Fixing My Stupid Mistakes With The RCBS Stuck Case Remover

Daniel Y
by Daniel Y
Fixing My Stupid Mistakes With The RCBS Stuck Case Remover

We all do stupid things sometimes. In my case, I do the same stupid things repeatedly. In recent months I managed to get two pieces of .300 Win Mag brass stuck in two separate dies. This was both embarrassing and was getting in the way of making more ammo for my Winchester 70 sniper homage. Fortunately, RCBS offers a stuck case tool for this job. Let’s see how it works, and if it works.

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A very stuck case in a Hornady full-length sizing die.
I had not one, but two .300 Win Mag cases stuck in two separate dies.

Wait, You Got Two Cases Stuck The Same Way?

Yes, I did manage to get two pieces of brass stuck in two separate sizing dies. I generally use Hornady spray-on sizing lubricant with rifle brass. It works great with most calibers up to .30-06, but .300 Win Mag turned out to be too much. It dawned on me after the second time that improper lubrication was probably the root cause. I have since switched to using Imperial Sizing Die Wax and, though it is a slower process, it does not result in stuck cases.

When the cases became stuck, the rims ripped away such that there was no way to fit the brass into a case holder. I did have a Frankford Arsenal tool that purported to be a stuck case remover, but it did not work at all. That tool relied on a clamping mechanism to grab the exposed base of the case. It was simply not up to the task of un-sticking a .300 WM case and it slipped off.

How Does It Work?

The RCBS Stuck Case Remover is quite simple. All of its parts fit into a tiny little plastic bag, and it only requires some simple tools to use. The formal instructions are printed on the plastic bag, and they are very easy to follow. Here are the steps to use the stuck case remover (with some additional notes of my own) :

  1. Remove the decapping/expander pin from the die (if possible, if not get it as far out of the way as possible).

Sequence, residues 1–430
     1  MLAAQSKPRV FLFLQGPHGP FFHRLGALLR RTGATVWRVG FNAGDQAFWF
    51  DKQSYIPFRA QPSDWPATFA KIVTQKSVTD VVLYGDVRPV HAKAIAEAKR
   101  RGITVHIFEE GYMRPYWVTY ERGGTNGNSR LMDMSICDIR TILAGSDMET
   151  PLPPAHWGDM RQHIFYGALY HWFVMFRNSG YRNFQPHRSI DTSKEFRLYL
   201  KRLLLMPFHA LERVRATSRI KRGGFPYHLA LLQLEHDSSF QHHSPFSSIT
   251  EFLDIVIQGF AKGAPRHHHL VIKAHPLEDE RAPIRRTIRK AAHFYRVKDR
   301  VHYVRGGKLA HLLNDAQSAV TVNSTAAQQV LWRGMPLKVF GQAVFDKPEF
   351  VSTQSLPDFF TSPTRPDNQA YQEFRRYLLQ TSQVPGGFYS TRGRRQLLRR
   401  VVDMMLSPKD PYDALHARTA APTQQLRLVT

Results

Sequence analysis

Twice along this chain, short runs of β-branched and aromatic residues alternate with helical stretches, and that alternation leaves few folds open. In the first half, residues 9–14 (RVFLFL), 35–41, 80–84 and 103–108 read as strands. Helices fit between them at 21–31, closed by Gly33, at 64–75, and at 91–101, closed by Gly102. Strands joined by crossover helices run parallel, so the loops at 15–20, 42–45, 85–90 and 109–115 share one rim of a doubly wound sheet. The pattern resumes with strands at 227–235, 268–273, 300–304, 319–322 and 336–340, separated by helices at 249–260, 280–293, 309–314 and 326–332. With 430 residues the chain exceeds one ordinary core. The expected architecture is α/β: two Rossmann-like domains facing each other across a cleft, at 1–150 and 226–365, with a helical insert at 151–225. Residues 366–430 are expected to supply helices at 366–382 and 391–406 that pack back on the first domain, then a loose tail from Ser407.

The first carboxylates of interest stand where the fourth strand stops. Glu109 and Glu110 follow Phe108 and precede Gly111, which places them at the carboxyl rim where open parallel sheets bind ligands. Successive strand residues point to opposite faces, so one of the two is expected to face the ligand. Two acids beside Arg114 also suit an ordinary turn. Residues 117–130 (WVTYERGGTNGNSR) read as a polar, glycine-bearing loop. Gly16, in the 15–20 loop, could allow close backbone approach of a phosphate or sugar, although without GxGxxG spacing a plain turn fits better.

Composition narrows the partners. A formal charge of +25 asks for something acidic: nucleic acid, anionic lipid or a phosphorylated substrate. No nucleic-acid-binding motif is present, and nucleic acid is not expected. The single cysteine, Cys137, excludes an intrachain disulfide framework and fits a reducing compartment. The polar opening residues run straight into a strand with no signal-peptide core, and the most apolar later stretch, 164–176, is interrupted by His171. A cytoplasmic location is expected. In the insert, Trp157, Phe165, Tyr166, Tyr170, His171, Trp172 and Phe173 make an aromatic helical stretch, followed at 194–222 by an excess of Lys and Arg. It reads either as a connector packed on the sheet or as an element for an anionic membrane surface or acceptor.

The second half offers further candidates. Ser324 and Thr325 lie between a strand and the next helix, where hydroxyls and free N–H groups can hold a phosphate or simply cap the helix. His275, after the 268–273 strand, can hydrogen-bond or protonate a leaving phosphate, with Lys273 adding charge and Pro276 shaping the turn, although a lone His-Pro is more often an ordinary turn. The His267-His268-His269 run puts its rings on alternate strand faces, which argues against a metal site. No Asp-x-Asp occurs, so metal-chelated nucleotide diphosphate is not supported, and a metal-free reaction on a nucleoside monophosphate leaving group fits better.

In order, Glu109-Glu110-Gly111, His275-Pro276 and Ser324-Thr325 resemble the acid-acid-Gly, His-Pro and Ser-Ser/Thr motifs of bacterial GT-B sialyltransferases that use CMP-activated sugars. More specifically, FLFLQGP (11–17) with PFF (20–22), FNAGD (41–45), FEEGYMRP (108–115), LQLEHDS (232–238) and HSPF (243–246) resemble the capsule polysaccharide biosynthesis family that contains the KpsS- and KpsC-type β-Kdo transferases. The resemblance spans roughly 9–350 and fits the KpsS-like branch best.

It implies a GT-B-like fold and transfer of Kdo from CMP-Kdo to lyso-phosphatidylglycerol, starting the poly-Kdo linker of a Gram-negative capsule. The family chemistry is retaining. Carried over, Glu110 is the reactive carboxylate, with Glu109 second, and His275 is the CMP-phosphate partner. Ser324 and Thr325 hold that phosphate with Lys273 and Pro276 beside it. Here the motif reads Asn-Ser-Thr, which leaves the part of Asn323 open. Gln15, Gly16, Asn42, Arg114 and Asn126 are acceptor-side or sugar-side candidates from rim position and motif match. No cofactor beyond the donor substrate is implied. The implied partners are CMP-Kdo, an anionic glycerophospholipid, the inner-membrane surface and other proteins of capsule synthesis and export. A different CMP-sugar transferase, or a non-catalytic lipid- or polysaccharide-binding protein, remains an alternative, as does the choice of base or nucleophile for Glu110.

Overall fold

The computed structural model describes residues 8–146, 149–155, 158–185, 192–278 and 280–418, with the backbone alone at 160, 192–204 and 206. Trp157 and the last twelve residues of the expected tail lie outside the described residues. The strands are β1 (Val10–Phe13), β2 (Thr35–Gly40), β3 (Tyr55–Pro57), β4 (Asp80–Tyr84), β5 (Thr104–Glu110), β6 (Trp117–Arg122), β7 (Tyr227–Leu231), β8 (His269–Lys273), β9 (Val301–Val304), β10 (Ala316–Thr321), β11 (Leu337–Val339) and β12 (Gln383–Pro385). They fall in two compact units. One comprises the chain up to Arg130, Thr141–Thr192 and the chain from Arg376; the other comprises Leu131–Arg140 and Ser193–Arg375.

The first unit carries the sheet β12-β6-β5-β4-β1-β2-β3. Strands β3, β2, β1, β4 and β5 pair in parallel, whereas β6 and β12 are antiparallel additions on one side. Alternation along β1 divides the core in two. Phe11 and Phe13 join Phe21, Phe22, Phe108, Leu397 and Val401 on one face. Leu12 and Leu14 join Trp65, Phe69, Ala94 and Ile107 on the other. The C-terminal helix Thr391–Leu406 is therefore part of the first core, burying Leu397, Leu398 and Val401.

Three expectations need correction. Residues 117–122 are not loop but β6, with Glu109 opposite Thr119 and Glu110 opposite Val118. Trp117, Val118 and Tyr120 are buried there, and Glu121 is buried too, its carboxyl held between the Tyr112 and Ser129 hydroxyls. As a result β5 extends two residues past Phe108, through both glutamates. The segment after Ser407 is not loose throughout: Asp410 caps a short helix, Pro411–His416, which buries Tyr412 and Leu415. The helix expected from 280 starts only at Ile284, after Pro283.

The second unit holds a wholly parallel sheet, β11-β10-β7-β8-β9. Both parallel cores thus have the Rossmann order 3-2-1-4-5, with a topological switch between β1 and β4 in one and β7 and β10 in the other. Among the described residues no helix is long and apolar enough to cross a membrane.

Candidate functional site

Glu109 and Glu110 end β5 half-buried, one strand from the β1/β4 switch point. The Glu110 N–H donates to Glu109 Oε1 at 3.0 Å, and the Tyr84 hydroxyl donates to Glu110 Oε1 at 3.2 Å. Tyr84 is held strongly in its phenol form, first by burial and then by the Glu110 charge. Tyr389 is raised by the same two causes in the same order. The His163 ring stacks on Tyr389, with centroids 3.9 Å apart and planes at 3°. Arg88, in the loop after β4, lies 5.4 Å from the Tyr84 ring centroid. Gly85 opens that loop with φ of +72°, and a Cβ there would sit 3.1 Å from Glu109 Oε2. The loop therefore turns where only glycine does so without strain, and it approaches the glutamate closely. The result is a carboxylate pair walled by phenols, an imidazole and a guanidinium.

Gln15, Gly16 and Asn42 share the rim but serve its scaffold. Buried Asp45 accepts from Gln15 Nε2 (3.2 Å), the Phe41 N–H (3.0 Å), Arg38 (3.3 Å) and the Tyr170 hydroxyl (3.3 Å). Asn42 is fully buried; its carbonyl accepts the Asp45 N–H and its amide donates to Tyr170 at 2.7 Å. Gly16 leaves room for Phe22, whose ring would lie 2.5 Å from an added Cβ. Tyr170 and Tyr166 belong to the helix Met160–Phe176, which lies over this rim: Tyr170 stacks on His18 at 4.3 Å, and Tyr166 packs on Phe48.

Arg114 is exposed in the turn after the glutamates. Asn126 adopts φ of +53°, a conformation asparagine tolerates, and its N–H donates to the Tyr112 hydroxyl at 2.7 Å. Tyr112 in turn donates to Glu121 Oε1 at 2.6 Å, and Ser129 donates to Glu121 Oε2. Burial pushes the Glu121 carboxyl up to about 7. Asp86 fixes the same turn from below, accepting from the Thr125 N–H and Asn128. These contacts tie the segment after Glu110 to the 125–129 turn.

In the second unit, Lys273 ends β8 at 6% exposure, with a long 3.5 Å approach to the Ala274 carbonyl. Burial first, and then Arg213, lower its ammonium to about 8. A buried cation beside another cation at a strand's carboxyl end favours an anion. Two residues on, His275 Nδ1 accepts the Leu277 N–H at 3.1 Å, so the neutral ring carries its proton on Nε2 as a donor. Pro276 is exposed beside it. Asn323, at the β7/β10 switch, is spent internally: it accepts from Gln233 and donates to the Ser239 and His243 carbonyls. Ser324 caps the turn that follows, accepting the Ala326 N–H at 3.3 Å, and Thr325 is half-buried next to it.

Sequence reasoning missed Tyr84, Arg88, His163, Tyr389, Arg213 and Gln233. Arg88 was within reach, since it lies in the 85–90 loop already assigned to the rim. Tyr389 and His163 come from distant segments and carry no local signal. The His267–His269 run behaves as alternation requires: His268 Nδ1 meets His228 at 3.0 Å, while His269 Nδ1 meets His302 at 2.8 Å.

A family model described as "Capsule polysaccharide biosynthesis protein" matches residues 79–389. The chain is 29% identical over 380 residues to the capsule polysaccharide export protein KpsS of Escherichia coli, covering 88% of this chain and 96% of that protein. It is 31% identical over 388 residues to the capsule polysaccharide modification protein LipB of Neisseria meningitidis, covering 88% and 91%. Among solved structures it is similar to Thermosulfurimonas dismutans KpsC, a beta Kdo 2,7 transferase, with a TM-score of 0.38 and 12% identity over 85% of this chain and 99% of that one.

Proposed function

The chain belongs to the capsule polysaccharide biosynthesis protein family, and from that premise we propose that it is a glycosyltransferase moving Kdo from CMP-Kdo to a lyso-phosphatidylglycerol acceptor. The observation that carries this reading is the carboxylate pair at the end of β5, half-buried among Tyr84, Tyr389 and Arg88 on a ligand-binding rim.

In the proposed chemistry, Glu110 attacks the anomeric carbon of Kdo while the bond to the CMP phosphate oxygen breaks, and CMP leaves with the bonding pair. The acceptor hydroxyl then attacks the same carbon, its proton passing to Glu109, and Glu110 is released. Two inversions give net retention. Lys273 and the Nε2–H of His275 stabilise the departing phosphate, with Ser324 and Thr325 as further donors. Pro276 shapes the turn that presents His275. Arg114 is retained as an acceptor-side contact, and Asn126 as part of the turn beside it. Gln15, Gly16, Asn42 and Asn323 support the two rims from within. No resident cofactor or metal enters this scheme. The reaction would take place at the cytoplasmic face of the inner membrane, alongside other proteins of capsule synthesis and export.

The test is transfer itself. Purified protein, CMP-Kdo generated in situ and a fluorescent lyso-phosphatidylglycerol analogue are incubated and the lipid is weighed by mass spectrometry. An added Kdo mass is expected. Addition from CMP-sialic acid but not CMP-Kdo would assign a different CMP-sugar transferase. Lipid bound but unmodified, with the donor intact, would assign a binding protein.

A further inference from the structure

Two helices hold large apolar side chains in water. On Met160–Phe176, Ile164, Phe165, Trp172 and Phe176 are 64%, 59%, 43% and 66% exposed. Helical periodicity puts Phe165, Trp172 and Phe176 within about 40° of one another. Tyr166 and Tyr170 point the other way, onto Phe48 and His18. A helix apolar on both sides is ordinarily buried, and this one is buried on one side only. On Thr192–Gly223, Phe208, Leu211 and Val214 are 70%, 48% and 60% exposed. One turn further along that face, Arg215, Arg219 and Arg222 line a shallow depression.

2. Drill through the primer pocket with the included drill bit.
  3. Thread the resulting hole with the included tap.
  4. Slide the steel cup over the case base of the case.
  5. Place the included screw through the steel cup and thread it into the threads cut in the brass case.
  6. Crank on the included hex wrench like an enraged ape until the case is freed.
The packaging is rather minimal, and the instructions are printed on the back.
The parts laid out (L to R): drill bit, tap, screw, steel cap, and hex wrench.

My Experience Using The RCBS Stuck Case Remover

The instructions are fairly simple to follow. It was easy to follow the instructions. One slight snag was removing the decapping stem. I could not get the decapper/expander assembly fully out of the dies, but I was able to get them far enough out of the way to drill out the primer pocket and extract the case.

One other note, a specialized tool like a tap handle would be the best tool for threading the hole, but I did not have one of those handy. I used a substantial crescent wrench as my makeshift tap handle and it worked fine. The additional leverage with a tap handle may have sped up the process, though.

I was able to get one piece of brass unstuck using the included hex wrench. However, the other piece did not budge. This situation called for more leverage. I found a bit driver that fit nicely over the hex wrench and that gave me enough torque to break the brass loose. It made some awful noises as it was coming loose but everything worked as it should. I was concerned that the steel screw might rip through the brass threads, but they held.

Drilling through this partially-removed primer felt very uncomfortable, even though I knew it was already fired.
I did not have a tap handle, so a crescent wrench sufficed.
The drilled and tapped hole is visible through the primer pocket.
The steel cap sits over the base of the case and butts up against the die body, with the hex head screw fitting down through the hole in the cap.
The substantial hex wrench is probably enough to extract most cases, but I used a small cheater pipe for extra leverage.
Both of the offending cases were successfully removed from their prison.

Check Prices on RCBS Stuck Case Removers


So what is my final opinion of the RCBS stuck case remover? It is excellent. Both of my sizing dies are back in action and the tool shows no real signs of wear. This is a roughly $25 tool, and it is absolutely worth the money. It is also a great idea to have one of these on hand, just in case. Hopefully, I do not need to use it very often in the future. But if I do, I know it is up to the task.

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Daniel Y
Daniel Y

AKA @fromtheguncounter on Instagram. Gun nerd, reloader, attorney, and mediocre hunter. Daniel can still be found on occasion behind the counter at a local gun store. When he is not shooting, he enjoys hiking, camping, and rappelling around Utah.

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3 of 5 comments
  • Cornpop Cornpop on May 31, 2023

    I've come close a time or two but was able to remove them. I now try to apply a little more lube. Probably would be smart to have this kit on hand.

  • Biff Biff on May 31, 2023

    If you look online you can find what # drill bit, tap and socket head screw you need and just use a washer and a socket from your socket set to achieve the same thing. It might be cheaper if you are already ordering something from McMaster-Carr or another tool vendor.